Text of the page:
BioWorld International Correspondent
LONDON - Ian Garland, the new CEO at Acambis plc, outlined his strategy, saying the focus on smallpox had forced the company to neglect other vaccines, leading it to be perceived as a biodefense specialist with a "thin pipeline of modest value and a limited cash position."
In fact, said Garland, there are two potential blockbusters in the pipeline, a vaccine and possible therapeutic against Clostridium difficile, which he said was, "my reason for joining Acambis," and a vaccine against Dengue fever.
But to deliver the value tied up in the assets, Acambis first needs to close the loop in its biodefense franchise by securing the warm-base manufacturing contract for the ACAM2000 smallpox vaccine it is negotiating currently with the Centers for Disease Control and Prevention (CDC).
Garland said he believes the CDC is committed to finalizing a contract. "The key uncertainty is timing. There is no deadline, so it is difficult to predict when the contract will be decided," he told an analysts' meeting called to discuss the company's six-month financial results.
In highlighting the need to build Acambis on the back of cash from the smallpox vaccine, Garland's position is no different from his predecessor, Gordon Cameron. But, Garland said, the difference will be the way in which that strategy is implemented.
The aim is to channel investment into the in-house programs, and to revitalize research and development to continue to feed the pipeline, with the objective of generating one investigational new drug application per year.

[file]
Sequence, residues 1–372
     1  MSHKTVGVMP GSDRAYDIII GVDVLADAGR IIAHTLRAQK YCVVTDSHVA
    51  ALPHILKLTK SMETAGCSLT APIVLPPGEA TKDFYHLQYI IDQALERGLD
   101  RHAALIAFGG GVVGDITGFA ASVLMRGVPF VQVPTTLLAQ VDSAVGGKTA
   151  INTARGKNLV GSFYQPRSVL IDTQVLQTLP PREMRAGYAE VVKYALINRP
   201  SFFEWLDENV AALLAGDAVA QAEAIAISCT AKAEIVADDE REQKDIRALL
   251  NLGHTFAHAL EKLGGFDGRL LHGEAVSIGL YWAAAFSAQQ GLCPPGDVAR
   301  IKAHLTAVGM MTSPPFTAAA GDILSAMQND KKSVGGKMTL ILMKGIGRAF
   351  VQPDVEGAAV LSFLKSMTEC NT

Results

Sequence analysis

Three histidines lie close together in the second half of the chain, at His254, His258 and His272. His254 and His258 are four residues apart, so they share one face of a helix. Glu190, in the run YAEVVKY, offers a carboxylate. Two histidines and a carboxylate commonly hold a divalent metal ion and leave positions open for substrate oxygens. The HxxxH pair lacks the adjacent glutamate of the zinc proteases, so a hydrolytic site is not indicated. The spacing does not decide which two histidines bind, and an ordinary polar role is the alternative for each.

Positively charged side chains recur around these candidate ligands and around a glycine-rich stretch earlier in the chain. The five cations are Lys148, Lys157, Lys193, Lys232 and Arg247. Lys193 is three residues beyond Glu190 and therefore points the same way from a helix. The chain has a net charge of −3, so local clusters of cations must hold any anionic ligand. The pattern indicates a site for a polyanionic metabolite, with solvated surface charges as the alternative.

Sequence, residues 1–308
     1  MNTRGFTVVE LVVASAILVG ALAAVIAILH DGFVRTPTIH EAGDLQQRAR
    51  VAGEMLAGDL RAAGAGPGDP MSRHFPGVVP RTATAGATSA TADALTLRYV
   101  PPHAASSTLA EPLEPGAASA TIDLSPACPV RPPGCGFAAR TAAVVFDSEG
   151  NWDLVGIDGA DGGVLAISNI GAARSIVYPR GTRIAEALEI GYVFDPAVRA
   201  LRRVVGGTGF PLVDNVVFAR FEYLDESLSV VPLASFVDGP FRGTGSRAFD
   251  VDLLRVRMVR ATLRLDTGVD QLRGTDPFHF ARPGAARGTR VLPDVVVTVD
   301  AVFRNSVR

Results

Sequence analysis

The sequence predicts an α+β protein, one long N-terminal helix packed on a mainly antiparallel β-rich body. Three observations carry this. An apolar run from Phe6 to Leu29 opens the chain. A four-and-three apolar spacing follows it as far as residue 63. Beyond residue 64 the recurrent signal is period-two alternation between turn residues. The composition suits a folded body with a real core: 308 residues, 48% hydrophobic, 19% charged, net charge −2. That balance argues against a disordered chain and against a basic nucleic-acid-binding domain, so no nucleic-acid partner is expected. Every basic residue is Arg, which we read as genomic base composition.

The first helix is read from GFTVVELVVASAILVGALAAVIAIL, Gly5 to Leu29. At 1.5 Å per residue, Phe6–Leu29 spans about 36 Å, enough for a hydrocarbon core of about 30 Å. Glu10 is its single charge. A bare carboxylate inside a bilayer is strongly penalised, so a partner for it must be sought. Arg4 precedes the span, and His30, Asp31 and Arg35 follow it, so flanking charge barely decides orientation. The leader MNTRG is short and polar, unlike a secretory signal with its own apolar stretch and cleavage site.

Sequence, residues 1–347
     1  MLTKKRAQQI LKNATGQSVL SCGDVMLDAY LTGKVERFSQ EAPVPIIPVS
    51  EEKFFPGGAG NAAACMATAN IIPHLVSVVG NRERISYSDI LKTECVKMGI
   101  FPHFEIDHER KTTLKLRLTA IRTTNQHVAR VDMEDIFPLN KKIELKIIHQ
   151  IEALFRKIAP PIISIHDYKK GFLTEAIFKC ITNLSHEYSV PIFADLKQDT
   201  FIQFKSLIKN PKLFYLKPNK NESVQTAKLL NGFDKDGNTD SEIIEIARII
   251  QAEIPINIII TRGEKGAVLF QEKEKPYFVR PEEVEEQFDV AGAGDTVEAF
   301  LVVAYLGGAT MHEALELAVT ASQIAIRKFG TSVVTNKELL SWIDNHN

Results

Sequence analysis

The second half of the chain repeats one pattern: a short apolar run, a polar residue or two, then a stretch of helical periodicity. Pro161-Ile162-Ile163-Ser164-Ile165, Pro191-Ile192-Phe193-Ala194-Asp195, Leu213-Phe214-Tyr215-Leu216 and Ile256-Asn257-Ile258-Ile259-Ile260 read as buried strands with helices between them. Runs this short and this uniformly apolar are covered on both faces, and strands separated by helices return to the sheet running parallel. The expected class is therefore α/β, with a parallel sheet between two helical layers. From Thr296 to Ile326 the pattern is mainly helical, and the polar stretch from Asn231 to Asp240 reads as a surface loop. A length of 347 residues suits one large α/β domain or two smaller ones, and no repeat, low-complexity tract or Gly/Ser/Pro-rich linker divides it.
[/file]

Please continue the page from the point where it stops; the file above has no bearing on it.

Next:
In fact, Acambis has delivered eight INDs in the past eight years. "But it has been distracted by smallpox," Garland said. That led the company to neglect other programs and not to target markets of the highest value, he added. He noted that the company's Japanese encephalitis and West Nile vaccines are of "modest value" compared to other indications. In the future there will be a greater commercial input into the selection of research programs.
"In other words, there will be integration from research to the development stage in the near term," Garland said. "Unlocking the value of Acambis is not rocket science. We will focus on a few things and do them well."
The company will have a policy of selectively partnering early stage products, while retaining others to build value. That will see Acambis looking for a partner for its flu vaccine if its gets positive results for the Phase I trial that is in progress currently, while taking the C. difficile product into Phase II in 2008 under its own steam.
Cambridge, Mass.-based Acambis has a partnership with Sanofi Pasteur for its Japanese encephalitis and Dengue fever vaccines. Last month Sanofi Pasteur, the vaccines division of the Sanofi-Aventis Group, of Paris, announced positive results from the Phase II trial in Dengue and said it plans to start Phase III trials in 2008.
Dengue fever is one of the most common tropical diseases and a growing concern. Worldwide, 50 million to 100 million people are affected, and cases are appearing in northern Australia and Texas. Sanofi Pasteur believes the potential market for a vaccine could be more that €1 billion per annum.